10 summer facts you didn’t know
Thoughts on 'dog days,' Popsicles and the dreaded summer job.
Summer conjures thoughts of sand between the toes, long dips in cool water and nicking off time at work to extend the weekend. As you head out into the sun, here are 10 little-known facts to take with you.
• The Popsicle: This longtime summer favorite was invented by 11-year-old Frank Epperson in 1905. He had mixed powdered soda flavoring with water and inadvertently left the mixture outside overnight, with the stirring stick still in it, when temperatures dropped below freezing. He patented the “Epsicle ice pop” in 1924.
• The solstice: The summer solstice, which falls on June 21 this year and marks the true start of summer, is when the sun is farthest north of the equator. Solstice comes from the Latin words sol meaning “sun” and sistere meaning “still.” “The sun stands still” is an apt description of how the astronomical event appears from Earth.
• "Dog days": The phrase “dog days of summer” refers to the weeks between July 3 and Aug. 11. They are named after the "Dog Star," Sirius, in the constellation Canis Major. Ancient Romans and Greeks blamed Sirius for the extreme temperatures, drought, sickness and discomfort that came in summer.
• School vacation: There were no summer school vacations until educator Horace Mann created them in 1840. Depending on where you lived, school breaks came either quarterly, if you lived in a town or city, or when planting and harvesting were active, if you lived among farmlands. Summer vacations in other parts of the world are much shorter than in the U.S.
• Learning losses: Students will experience learning losses during the summer if they do not engage in educational activities. Most students lose about two months of grade-level equivalency in math computation skills, and some lose more than two months of equivalency in reading achievement. Students typically score lower on standardized tests at the end of summer vacation than they do on the same tests at the beginning of the summer.
• Weight gain: Children at high risk of obesity gain weight more rapidly when they are out of school during summer break, unless they remain physically active during these months.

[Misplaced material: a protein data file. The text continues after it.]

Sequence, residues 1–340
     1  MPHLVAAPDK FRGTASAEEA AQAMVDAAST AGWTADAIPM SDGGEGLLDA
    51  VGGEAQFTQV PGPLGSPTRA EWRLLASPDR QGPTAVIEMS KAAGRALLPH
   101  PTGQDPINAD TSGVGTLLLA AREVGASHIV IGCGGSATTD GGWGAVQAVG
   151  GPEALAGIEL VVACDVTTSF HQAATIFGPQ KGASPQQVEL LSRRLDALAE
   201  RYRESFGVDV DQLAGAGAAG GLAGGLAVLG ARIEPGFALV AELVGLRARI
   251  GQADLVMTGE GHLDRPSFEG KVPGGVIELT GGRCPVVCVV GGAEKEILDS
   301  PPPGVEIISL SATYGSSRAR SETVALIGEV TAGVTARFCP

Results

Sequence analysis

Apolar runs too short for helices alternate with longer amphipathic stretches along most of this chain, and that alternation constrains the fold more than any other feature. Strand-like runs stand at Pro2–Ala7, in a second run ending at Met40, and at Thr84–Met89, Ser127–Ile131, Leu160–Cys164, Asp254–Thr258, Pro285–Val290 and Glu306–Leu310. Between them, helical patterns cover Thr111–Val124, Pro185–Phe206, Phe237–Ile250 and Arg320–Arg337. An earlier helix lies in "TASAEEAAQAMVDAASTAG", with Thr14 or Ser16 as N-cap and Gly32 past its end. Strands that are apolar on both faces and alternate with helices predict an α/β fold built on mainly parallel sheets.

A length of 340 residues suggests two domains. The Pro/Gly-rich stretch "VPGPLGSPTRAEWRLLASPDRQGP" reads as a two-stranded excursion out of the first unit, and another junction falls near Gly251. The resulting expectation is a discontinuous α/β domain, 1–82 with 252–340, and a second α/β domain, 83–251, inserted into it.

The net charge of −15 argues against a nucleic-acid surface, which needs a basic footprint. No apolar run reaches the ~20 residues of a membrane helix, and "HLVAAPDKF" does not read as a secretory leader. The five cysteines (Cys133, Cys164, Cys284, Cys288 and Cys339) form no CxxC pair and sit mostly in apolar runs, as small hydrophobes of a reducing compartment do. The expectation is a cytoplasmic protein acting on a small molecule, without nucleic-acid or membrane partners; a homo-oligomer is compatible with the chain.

• Ice cream: In 1984, President Ronald Reagan designated July as National Ice Cream Month and the third Sunday of the month as National Ice Cream Day. Almost 10 percent of all the milk produced in the U.S. is used to supply the ice cream industry, which generates more than $10 billion in revenue annually. Americans eat about 5.5 gallons of ice cream per year on average
• TV programming: Summer television used to be repeats only as Americans were typically outdoors for more hours during the summer. New programming was added to summer television lineups beginning in 1991 with a special summer season of "90210," a network first.
• Summer jobs: Thoughts of a summer job may seem brutally depressing if you’re a teenager, though you really are in good company. Multi-billionaire Warren Buffett’s first job was at his grandfather’s grocery shop. Actor Orlando Bloom worked at a clay-pigeon shooting range. Beyoncé Knowles swept up hair cuttings at her mother’s hairdressing salon. Before he made moves like Jagger, Mick sold ice cream. Brad Pitt dressed up as a giant chicken to promote a restaurant, and Eva Mendes sold hot dogs at a mall.
• Wildfires: Increased temperatures and drought throughout the western U.S. have summoned severe summer wildfires. Since 2006, the U.S. has had the three worst years for wildfires during the summer months. More than 9 million acres – more land than makes up the state of Maryland – were burned during 2012 alone. Brush and outside fire incidents are four times higher on July 4 than on any other day.
Photo: Kids eating Popsicles / Priscilla Gragg/Getty Images
inspire: live a better life
Summer and winter tend to hog all the glory when it comes to travel high seasons. Sure, you want to soak up all the time at the beach you can during the summer, and you just want to escape the cold during the last months of the year.
Who just wants to stand around and watch the red and gold leaves slowly fall from their tree branches to the ground as we move from summer to fall? Instead, take in the changing seasons while you're on the move.
In September, I'll turn 38. I'm at the age now where, when people ask how old I am, it takes me a minute to remember. I don't know if that's because I've already been 37 different ages and it's hard to keep straight which one I am now, or if it's because I'm in denial, or if it's because I am going senile. Maybe a combination of all of the above. Regardless, my 30s have flown by and soon they will be but a memory. So, in an effort to preserve the memory I have left (or at least keep a record of it), and to celebrate what has been an amazing decade so far, here are 30 things that have happened to me in my 30s (and will probably happen to you too):
Traveling doesn't have to be stressful. And what you can fit in your carry-on can make all the difference (and not just a fresh pair of socks), especially when you get that low battery signal.
Volunteering (and these other rituals) might be just as good as exercise when it comes to extending your life.
Use these tricks to set a better tone for the rest of the week.
Whether it involves a food fight, mermaids or a torch-lit procession, people the world over know how to have a good time. Here are some of the biggest, boldest, booziest celebrations around, along with some tips to get the full experience.
Research could mean more effective treatment for human disorders.
An entry a day might keep the doctor away (or at least the shrink).
One woman's shout-outs to daily moments of joy — and how to cultivate them.
Our best health and fitness tips including the one move that tones all, berry news, and more.